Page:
line The Algonquin Round Table

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Caricature reflected the piquant humor of the Algonquin Round Table writers, a group of town wits who had converged on New York in the late 1910s. From their positions as columnists, essayists, and drama critics, this "all-star literary vaudeville," as Edmund Wilson called them, nourished a light, sharp, mocking tone aimed at well-known personalities, among whom they counted themselves. Wartime friends Franklin P. Adams, Harold Ross, Heywood Broun, and Alexander Woollcott were among the bantering quipsters who began meeting for daily lunches at the Algonquin Hotel. With so many clever wordsmiths, this self-named "vicious circle" soon became famous for its ingenious puns, quips, and insults appearing immediately in print in someone's column.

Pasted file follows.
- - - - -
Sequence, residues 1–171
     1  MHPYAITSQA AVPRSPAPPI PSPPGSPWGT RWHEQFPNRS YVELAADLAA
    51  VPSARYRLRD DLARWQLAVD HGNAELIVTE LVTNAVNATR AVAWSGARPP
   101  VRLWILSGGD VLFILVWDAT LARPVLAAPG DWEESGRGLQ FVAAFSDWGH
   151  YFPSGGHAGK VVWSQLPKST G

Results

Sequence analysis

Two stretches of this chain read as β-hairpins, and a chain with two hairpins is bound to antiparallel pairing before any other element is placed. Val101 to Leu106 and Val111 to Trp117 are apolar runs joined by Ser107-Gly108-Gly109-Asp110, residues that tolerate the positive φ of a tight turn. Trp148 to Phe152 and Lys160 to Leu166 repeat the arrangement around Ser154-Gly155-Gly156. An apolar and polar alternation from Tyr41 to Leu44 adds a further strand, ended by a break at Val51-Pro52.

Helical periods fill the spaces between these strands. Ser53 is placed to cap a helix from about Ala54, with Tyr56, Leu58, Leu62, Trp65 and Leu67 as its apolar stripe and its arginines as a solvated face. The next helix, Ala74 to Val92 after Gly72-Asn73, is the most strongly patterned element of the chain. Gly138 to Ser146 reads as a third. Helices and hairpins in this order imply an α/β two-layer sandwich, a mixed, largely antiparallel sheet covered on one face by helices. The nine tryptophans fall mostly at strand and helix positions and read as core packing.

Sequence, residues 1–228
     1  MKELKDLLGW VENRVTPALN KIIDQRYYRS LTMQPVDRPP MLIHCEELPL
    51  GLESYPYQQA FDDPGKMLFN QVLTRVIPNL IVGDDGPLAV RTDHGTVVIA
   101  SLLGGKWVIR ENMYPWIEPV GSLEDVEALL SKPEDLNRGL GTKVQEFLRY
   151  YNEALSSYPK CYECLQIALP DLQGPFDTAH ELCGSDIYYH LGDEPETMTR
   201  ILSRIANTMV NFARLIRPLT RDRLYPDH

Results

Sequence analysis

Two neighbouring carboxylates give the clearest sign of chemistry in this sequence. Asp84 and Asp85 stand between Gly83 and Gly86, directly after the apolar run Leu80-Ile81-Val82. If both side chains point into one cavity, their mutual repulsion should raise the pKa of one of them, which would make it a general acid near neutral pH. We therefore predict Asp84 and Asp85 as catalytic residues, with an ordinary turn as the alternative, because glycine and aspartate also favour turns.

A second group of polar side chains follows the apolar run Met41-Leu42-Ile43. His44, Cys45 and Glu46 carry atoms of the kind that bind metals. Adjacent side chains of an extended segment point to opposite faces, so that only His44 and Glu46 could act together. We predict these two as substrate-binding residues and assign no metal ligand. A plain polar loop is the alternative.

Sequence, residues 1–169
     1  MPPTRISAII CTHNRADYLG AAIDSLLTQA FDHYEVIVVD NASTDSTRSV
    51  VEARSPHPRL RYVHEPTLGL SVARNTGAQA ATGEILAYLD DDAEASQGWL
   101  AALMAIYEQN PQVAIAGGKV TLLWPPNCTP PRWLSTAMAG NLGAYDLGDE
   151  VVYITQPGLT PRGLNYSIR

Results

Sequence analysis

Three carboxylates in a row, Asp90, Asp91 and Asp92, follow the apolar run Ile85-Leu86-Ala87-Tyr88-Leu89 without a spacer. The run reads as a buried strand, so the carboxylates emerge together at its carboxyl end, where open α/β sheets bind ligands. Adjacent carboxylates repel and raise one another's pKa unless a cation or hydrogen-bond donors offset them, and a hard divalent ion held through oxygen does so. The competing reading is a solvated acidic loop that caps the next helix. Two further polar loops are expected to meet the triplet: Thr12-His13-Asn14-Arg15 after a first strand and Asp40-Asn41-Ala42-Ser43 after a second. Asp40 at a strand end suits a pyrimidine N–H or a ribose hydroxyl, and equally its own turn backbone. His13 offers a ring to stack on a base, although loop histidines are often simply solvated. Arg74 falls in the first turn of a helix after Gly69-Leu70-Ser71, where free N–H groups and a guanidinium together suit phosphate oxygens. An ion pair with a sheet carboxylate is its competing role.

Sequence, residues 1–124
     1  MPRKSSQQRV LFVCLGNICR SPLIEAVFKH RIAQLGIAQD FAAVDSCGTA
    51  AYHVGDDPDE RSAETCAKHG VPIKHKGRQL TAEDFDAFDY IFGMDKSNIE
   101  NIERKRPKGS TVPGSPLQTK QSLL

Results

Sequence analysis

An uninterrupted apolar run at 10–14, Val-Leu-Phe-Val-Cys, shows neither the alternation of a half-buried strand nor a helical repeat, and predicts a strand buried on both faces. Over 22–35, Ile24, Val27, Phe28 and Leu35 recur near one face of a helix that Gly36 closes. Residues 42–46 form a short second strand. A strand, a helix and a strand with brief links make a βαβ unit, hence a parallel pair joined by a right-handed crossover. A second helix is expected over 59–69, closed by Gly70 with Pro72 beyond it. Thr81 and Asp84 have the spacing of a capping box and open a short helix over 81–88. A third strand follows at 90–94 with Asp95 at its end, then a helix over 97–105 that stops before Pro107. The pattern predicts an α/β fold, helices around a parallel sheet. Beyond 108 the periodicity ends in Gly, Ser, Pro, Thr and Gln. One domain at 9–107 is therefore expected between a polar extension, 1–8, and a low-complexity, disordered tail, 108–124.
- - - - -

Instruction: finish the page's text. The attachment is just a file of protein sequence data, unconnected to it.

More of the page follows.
Vanity Fair's Dorothy Parker, Robert Benchley, and Robert Sherwood often dropped in for Algonquin lunches, as did aspiring playwrights Edna Ferber and George S. Kaufman. Press agents, actors, artists, and various guests joined the writers in an ever-fluctuating gathering. Like caricature, Algonquin humor glossed over bitter undercurrents with urbane gaiety and wit.

1. Franklin P. Adams / Will Cotton
2. Alexander Woollcott / William Auerbach-Levy
3. Dorothy Parker / Peggy Bacon
4. George S. Kaufman / William Auerbach-Levy
5. Thanatopsis Pleasure and Inside Straight Club / Will Cotton

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